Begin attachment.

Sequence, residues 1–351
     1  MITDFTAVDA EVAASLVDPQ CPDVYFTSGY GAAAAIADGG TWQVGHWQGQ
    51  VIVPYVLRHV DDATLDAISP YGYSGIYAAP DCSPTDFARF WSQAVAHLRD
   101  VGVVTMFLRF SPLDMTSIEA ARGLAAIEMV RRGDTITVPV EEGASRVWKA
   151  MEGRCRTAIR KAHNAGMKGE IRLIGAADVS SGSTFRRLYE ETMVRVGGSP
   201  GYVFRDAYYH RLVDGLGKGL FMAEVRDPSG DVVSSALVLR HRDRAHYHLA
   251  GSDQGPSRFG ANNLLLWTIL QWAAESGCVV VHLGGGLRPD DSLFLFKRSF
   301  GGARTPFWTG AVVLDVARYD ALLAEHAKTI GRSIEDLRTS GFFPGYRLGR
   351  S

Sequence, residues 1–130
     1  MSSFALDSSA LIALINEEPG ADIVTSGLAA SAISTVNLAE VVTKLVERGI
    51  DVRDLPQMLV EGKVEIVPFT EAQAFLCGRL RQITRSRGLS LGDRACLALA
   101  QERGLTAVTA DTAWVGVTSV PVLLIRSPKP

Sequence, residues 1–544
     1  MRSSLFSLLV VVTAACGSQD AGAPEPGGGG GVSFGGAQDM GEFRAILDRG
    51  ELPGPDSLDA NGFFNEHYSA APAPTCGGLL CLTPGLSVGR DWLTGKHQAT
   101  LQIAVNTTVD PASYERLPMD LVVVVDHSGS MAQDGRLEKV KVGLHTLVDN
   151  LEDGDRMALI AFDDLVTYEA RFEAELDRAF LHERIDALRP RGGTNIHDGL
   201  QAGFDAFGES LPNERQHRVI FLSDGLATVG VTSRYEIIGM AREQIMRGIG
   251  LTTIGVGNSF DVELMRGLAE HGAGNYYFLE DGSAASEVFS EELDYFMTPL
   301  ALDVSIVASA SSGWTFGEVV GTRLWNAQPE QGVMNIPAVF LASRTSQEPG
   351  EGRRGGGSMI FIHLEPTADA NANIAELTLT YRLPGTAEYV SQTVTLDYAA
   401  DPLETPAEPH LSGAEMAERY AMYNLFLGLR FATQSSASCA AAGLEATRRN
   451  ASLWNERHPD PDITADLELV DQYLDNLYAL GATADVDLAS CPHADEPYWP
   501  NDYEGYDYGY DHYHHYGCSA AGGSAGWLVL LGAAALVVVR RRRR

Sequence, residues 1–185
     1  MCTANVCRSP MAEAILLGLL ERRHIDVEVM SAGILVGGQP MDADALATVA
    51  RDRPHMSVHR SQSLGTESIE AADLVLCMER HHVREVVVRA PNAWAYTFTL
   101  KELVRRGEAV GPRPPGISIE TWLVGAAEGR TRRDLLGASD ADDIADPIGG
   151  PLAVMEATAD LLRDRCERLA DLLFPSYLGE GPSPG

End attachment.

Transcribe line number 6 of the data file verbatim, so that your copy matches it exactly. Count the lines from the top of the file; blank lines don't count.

   201  GYVFRDAYYH RLVDGLGKGL FMAEVRDPSG DVVSSALVLR HRDRAHYHLA